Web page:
The issue of management employee surplus was discussed at every executive group meeting between the two MIPP offerings. The board of directors discussed methods of reducing the work-force, including management layoffs. This last option was rejected, in keeping with a long tradition of not laying off management employees. MIPP was also discussed at many of those meetings. The defendants initially rejected the use of MIPP and instead adopted less drastic measures to encourage early retirement. For instance, on November 20, 1981 Michigan Bell announced a change in pension computations effective February 1, 1982 which provided an increase in benefits. Also announced at that time were pre-retirement estate and tax planning services and job placement assistance for those who retired before the end of April, 1982. Grady said at that time that these changes "coincide in a supportive and timely way with present downsizing efforts."[7]

*335 MIPP is viewed by Michigan Bell as a "force reduction tool" of last resort, to be implemented when normal attrition will not adequately deal with a workforce surplus. A review of the minutes of various meetings, as well as the depositions of Michigan Bell officials reveals that there was disagreement as to the conditions under which a MIPP offering would be appropriate, with middle level management groups vocally supporting such an offering well before top management concurred. The decision to implement MIPP involved, among other things, an analysis of current and predicted revenues which in turn allowed an estimate of what the management surplus was, a determination of how much of that surplus could be eliminated with methods short of either a layoff or MIPP, and a comparison of the costs of maintaining the management surplus with the cost of offering MIPP benefits, which would allow Michigan Bell to set a surplus figure above which a MIPP offering would be cost-effective.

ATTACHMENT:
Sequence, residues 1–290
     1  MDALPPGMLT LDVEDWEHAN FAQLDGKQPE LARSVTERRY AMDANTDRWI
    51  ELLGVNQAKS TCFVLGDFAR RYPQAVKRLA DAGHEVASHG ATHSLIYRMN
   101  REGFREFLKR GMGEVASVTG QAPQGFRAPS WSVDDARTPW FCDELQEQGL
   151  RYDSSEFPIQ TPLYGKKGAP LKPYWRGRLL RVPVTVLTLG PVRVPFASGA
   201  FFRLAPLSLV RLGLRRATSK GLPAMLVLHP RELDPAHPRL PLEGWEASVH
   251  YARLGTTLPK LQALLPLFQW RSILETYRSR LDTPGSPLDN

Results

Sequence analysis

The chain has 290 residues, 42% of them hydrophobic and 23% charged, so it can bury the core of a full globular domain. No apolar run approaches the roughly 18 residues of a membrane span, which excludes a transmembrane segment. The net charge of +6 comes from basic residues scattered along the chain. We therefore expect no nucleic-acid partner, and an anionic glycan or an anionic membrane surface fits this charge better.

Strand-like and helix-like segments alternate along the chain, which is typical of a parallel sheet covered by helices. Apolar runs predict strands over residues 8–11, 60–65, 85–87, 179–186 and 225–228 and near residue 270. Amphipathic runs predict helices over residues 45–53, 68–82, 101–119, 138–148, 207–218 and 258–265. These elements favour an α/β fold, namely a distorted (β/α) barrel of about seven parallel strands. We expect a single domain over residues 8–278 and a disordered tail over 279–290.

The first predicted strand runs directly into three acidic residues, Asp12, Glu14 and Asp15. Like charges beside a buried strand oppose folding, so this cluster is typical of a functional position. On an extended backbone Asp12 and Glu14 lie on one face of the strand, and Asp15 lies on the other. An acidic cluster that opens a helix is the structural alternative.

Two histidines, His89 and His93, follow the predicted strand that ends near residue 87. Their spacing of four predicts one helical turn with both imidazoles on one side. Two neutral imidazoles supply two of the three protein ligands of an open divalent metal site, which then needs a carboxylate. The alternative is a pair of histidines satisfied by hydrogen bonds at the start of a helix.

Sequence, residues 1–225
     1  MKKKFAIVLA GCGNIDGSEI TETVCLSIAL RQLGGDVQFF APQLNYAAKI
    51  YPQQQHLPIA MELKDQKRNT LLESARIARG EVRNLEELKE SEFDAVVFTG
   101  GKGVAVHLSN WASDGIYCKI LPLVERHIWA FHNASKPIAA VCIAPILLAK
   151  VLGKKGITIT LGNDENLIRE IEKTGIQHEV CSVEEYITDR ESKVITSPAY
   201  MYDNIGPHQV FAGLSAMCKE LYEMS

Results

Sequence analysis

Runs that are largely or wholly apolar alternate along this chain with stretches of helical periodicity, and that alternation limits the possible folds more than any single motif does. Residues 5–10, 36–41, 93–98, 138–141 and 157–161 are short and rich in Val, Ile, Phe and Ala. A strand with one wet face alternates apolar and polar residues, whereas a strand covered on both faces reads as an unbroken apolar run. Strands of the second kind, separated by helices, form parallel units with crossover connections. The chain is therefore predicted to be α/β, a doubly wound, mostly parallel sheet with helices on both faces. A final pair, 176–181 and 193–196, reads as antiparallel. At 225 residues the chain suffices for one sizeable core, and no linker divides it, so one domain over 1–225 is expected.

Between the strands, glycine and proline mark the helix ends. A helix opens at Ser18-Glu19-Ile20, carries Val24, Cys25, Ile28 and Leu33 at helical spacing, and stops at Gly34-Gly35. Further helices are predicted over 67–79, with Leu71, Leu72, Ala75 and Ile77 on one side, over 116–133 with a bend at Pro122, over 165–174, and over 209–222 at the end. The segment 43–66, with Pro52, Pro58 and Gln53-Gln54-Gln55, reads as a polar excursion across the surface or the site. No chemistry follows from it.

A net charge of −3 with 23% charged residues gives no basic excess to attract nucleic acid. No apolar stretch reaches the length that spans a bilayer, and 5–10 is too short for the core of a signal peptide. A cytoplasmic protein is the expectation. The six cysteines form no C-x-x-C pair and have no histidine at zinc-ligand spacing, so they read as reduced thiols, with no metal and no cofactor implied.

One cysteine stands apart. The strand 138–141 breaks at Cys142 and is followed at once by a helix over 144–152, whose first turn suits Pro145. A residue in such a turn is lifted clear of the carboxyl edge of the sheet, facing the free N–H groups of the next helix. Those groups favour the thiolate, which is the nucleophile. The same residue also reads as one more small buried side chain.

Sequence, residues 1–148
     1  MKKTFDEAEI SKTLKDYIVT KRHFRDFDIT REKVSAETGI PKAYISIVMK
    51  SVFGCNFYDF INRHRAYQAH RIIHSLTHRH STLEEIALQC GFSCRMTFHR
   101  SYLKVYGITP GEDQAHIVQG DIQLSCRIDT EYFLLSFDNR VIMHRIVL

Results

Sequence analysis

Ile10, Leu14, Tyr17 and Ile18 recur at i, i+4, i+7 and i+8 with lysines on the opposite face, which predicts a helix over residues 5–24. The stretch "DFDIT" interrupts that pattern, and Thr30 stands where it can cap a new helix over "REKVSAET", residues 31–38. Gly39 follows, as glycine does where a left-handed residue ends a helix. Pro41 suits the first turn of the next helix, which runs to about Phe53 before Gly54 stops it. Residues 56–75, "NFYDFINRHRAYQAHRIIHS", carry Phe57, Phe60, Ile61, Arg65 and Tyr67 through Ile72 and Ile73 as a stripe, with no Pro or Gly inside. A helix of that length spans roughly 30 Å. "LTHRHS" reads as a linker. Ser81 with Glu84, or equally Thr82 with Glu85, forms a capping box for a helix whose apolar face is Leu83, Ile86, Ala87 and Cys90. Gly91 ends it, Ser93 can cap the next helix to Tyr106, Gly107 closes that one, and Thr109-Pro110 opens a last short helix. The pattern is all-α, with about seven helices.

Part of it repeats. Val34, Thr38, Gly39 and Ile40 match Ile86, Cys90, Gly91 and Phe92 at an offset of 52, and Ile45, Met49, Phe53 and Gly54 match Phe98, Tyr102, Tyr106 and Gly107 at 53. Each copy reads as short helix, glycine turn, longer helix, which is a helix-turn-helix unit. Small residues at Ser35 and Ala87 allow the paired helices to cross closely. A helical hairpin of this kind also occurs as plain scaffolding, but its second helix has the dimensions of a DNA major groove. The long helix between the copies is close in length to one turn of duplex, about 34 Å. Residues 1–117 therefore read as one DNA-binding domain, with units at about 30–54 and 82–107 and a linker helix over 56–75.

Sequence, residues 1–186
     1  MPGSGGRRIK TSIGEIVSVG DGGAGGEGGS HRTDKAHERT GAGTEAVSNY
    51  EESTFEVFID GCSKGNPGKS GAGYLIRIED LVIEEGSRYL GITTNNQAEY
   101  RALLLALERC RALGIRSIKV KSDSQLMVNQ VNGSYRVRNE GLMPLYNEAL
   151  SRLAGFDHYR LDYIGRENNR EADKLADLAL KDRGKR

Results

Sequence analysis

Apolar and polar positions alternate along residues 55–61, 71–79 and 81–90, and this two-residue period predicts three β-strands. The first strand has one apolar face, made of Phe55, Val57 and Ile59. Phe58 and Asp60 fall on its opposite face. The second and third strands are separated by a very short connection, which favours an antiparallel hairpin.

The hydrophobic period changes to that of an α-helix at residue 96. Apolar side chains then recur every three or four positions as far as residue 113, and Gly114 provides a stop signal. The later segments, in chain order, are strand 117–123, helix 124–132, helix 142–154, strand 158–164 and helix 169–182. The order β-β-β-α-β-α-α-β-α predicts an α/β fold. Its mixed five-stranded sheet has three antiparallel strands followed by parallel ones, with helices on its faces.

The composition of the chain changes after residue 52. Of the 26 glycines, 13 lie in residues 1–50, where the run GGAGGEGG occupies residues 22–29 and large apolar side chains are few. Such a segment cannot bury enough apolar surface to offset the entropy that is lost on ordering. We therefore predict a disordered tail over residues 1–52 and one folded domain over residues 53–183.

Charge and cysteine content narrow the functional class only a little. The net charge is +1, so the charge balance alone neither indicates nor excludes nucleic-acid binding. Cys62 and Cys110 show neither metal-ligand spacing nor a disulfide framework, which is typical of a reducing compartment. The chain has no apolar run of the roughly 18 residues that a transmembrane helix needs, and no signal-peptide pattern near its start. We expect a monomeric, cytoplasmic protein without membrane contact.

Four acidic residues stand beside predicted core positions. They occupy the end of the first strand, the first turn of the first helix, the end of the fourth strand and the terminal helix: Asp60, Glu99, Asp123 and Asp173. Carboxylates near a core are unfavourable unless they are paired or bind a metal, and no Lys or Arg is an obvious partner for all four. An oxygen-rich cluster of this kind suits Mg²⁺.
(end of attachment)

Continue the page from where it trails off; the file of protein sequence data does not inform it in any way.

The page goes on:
The court finds that the decision by Michigan Bell to open the MIPP "window" in June, 1982 was a business decision not undertaken in a fiduciary capacity.[8] Not being able to characterize the decision in a traditional manner, i.e., plan formation, amendment or benefit determination, the court adopts the following test: if a neutral third party, e.g. a bank, had been the plan fiduciary of MIPP, could it have made the decision to offer MIPP benefits? The answer is clearly no. It would have constituted an unacceptable interference with Michigan Bell's business affairs for an outside fiduciary to order the corporation to offer MIPP benefits. It is not the function of a fiduciary to make revenue projections, determinations as to levels of employee surplus, and to inform management which of the multitude of cost and force reduction methods available will be used to solve the problem.